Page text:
In the pre-Internet era, Baja California Sur drew old-time luminaries like Jimmy Stewart, John Steinbeck, who wrote The Log From the Sea of Cortez about a marine expedition he took here in 1940, and Ernest Hemingway and John Wayne, who were lured by fishing for black and blue marlin.

Today, the Cabo of yesteryear has most definitely changed, with hundreds of resorts lining the Corridor. Still, it draws you in and will draw you back again and again.

Tip: Cabo is extremely easy to zip around by car. My car rental agency even tried talking me out of getting the GPS, but I insisted. The agency was right — I didn’t need one. There’s basically one main road, and it’s nearly impossible to get lost.

Comments

  1. Megan C. Stroup
    San Jose, California
    October 25, 2013, 1:41 pm

    I went to Cabo for the first time in April and was so frustrated that I had bothered exchanging money. Everyone told me prices in dollars and I had to have them convert it for me! Good to know for the future.

  2. Reg of The Spain Scoop
    Barcelona
    October 29, 2013, 3:53 am

    I’ve had Mexico on the brain lately. Got to get back over there soon!

  3. Andy Enni
    La Grange, CA
    October 29, 2013, 3:37 pm

    Don’t even think about it…My experience started at the airport..employees have atitudes..almost drowned on beach , saved a mate from New Zealand who also almost drowned, lucky for him, I had a long beach towel..Had live flies crawling thru my cerviche at hotel buffett. just an all around scuzhole as far as I am concerned..go to Hawaii you will be better off…sorry, but that’s my experience in Cabo..

  4. beachtours
    mexico
    October 29, 2013, 10:34 pm

    @Reg of The Spain Scoop

    hi, Mexico is the nice place to visit and worth to spend few days to visit its beautiful beaches and other attractions.

  5. VacayGirl
    Cabo San Lucas
    October 30, 2013, 10:27 am

    Sorry for your experience Andy. I really think you should give Cabo another try. It’s the place that I have chosen to spend my year long hiatus and I haven’t regretted doing so. The people are friendly, the backdrops are amazing and there’s so much to do here. Hope you reconsider a stay here.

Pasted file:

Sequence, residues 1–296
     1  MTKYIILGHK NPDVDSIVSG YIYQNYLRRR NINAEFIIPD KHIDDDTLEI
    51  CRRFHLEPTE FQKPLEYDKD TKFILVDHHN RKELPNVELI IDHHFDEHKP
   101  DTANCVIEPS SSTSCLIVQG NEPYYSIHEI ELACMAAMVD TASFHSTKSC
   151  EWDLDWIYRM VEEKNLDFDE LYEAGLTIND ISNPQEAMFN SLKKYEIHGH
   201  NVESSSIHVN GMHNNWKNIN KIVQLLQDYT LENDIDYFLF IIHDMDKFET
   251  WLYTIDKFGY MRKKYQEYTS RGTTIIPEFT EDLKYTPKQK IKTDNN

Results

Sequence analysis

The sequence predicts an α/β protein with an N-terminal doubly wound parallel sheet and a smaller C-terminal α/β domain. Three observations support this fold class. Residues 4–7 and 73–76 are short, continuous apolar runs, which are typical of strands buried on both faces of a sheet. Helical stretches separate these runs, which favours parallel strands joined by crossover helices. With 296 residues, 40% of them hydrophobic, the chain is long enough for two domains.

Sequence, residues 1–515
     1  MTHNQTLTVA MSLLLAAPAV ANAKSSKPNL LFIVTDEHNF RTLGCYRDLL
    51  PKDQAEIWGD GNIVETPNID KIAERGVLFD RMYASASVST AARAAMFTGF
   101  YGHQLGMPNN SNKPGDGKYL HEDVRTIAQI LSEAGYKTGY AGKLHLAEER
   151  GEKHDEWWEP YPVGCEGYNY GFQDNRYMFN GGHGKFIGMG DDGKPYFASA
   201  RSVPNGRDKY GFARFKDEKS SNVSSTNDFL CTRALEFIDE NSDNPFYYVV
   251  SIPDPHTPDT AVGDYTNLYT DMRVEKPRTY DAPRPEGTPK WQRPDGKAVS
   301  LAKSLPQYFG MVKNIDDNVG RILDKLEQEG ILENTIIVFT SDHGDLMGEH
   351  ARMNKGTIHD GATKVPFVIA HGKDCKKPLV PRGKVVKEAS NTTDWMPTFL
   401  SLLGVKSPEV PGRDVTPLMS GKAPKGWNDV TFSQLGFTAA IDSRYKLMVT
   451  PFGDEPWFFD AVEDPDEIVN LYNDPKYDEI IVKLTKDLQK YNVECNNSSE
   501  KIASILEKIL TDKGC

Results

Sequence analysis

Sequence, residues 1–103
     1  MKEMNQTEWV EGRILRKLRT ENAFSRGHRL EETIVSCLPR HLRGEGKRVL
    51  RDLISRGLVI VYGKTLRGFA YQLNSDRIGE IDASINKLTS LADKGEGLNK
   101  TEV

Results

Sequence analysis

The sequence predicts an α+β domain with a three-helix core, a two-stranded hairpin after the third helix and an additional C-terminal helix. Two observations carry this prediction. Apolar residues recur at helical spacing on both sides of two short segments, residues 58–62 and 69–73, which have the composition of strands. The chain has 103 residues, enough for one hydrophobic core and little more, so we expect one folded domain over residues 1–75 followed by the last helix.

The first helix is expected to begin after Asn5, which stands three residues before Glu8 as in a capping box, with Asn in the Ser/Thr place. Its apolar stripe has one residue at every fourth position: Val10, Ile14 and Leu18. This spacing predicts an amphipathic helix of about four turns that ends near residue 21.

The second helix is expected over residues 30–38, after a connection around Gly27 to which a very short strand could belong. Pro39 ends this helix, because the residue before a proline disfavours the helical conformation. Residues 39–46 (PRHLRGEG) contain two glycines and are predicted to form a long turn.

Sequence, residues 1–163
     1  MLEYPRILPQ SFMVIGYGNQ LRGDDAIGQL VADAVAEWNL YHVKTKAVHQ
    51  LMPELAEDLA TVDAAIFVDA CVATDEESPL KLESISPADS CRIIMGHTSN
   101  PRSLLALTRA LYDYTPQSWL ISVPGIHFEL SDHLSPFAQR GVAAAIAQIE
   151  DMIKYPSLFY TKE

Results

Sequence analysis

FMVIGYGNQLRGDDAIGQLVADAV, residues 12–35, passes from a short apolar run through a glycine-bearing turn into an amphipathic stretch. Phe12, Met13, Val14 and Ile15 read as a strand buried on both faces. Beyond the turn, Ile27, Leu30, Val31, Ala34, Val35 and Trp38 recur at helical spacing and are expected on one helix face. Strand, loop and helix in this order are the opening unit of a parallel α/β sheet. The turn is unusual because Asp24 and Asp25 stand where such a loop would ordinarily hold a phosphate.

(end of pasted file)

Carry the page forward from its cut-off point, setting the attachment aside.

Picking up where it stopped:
6. Dominic
    Louisville Ky
    October 30, 2013, 12:18 pm

    Some people just can’t be pleased or they refuse to be happy. They’re the ones who would give heaven a bad review on tripadvisor. Cabo is a magical place.

  7. Marilynn
    San Jose del Cabo
    December 19, 2013, 6:26 pm

    I live in Cabo. We see idiot tourists a lot. Why would one almost drown? Because they were careless. I walk the beach every morning, along the surfs edge, never seen anyone close to drowning yet. I also live at the beach in the USA, careless people drown there as well. Flies in in your ceviche, where on earth were you eating? I have been all over for 20 years and never seen such a thing. In fact I was employed to write restaurant reviews, wow you must have picked a scuzzy place to stay.
    The way a person behaves towards others makes a huge difference in their attitude toward you. Fact is I have traveled many places in the world, bad attitudes create bad attitudes I have seen people get very drunk, get sun burned and than go home saying they are sick because of the food they ate in Mexico. Cabo is one of the most beautiful places in the world. Some folks should not travel. Perhaps a vacation is good, but if you ever come back to Cabo get an all inclusive resort, you need it.

  8. Jeff
    US
    May 17, 3:19 pm

    Going to Cabo in a month with my wife. Any suggestions on excursions/activities that are worth the time? Or places we should certainly visit?

  9. amy
    portland, oregon
    May 22, 12:10 pm

    Just returned from an amazing trip to Los Cabos! Jeff – you should definitely head to a place called Flora Farms. It’s about a 15 minute drive from the heart of old town San Jose del Cabo, maybe 45 minutes from Cabo San Lucas. Brunch or dinner among the lush palms and bright colors of this organic farm is truly a wonderful experience. The fresh juice cocktails and wood-fire pizzas are a must!